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Hugh Hewitt and Power Line have written interesting posts regarding Howard Dean's tin-eared declaration yesterday that Saddam's capture didn't make America any safer. Despite the objective falsity of the comment -- we have lived with the possibility of Saddam's retaliation for so long, it seemed inevitable until Sunday morning -- it's unlikely to dislodge the vast majority of Dean supporters, nor is it likely to dissuade Democrats from supporting Dean in a general election, if he makes it that far. It's not that Dean himself is Iraq-proof as much as it is that Bush will always be a bigger bogeyman than Saddam or anyone else, in the eyes of the passionate left.
Why should this be? It is a symptom of a polarized electorate; quite simply, more and more people associate with political movements on a tribal basis rather than a rational basis, and this is true on the right as well. We can argue until death when this started and who's at fault, but it's been going on since the 60s, at least. Each side castigates the other as evil incarnate, and while this started out with fringe groups, it has grown into a mainstream phenomenon. Large swaths of the electorate will be unreachable for both Bush and the the eventual Democratic nominee. Only ten to fifteen percent of the vote will actually be in play come November, and maybe less than that. The rest can be safely counted as the true believers.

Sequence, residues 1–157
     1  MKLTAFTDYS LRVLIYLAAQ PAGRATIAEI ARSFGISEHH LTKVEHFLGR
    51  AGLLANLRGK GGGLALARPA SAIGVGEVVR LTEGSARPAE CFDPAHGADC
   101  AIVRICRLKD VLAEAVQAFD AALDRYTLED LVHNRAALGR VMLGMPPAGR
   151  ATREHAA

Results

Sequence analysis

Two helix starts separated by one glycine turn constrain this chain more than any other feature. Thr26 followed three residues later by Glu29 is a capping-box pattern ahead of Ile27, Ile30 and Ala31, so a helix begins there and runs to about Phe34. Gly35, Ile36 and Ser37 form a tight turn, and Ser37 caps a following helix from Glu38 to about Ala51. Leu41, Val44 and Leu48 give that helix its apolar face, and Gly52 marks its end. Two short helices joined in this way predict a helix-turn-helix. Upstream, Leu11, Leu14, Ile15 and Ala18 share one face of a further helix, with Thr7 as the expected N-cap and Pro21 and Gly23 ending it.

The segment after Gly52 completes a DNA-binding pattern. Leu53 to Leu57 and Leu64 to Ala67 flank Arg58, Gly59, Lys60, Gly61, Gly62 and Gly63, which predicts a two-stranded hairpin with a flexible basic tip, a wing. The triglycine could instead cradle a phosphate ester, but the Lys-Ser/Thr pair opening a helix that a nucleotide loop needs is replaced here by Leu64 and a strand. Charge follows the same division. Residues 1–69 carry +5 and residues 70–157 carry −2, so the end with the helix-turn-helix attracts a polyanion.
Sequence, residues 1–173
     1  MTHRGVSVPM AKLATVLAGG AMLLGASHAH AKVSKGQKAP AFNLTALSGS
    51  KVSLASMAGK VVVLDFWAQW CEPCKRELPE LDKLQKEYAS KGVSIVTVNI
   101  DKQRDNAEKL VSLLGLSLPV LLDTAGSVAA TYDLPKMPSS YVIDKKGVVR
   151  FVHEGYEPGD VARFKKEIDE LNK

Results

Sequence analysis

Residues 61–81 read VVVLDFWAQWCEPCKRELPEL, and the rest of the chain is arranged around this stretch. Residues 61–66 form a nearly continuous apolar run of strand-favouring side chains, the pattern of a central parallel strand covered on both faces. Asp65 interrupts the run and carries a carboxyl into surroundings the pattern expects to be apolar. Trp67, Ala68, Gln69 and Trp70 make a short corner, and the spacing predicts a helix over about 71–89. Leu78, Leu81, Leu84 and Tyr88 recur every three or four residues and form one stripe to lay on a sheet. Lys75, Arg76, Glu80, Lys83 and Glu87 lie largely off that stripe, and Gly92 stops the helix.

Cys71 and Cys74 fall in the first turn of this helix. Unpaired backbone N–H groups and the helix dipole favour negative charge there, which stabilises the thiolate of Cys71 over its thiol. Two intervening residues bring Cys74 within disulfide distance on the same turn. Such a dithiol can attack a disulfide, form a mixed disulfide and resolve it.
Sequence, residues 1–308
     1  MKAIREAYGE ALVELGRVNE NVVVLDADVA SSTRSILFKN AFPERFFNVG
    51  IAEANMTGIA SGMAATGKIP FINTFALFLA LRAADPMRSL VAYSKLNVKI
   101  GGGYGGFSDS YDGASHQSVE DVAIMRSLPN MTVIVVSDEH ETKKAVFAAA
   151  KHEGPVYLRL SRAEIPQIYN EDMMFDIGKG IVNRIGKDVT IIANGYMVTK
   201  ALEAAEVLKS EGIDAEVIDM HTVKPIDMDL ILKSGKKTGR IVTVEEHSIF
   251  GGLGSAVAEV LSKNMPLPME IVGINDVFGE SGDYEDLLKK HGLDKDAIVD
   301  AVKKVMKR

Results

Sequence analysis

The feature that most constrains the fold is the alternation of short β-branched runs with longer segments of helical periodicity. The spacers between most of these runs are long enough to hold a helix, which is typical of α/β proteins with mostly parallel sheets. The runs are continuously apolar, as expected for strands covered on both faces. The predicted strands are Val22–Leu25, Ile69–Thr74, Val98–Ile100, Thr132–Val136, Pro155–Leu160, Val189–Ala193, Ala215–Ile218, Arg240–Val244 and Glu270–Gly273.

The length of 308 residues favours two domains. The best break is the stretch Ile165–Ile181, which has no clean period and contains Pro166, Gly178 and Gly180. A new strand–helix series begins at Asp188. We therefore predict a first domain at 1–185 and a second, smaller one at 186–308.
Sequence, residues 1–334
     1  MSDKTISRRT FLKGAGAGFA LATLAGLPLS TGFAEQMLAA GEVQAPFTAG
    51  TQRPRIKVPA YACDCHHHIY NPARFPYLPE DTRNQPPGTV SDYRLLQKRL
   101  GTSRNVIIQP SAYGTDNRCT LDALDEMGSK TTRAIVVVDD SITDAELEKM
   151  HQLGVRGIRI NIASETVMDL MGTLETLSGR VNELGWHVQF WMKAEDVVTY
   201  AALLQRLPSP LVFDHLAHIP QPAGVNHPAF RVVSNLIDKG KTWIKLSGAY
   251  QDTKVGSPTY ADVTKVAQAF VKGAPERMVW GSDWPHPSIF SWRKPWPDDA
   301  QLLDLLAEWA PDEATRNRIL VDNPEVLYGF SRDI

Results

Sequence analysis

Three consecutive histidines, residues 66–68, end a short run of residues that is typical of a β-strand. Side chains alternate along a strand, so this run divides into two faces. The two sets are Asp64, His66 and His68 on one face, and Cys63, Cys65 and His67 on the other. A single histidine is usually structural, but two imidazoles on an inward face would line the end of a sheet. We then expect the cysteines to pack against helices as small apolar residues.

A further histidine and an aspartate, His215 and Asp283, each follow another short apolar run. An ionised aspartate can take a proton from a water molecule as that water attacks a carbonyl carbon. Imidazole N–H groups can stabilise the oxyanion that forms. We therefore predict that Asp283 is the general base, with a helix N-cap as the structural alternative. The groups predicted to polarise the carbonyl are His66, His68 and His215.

Nor is this a strictly left-wing issue, and for the best example, let's consider the curious case of Bill Clinton. Clinton generated more heat and outrage than can rationally be explained for a president who governed primarily from the center. True, he had dodged the draft, albeit legally, and true, he hardly behaved in an honorable manner with women both before and after his election. He was spectacularly stupid in handling the Paula Jones lawsuit, which caused him most of his legal problems during his presidency. But legislatively, he toed a centrist line, signing onto welfare reform and balancing the federal budget, two major policy objectives of the right. He dropped the ball on terrorism, but the American public would not have supported a war in the Middle East without 9/11, and as Clinton's adventures in the Balkans proved, the right would not have supported him at all. His performance as President could not explain the irrational conspiracies and crimes associated with him by the right, like Vince Foster's suicide, for example.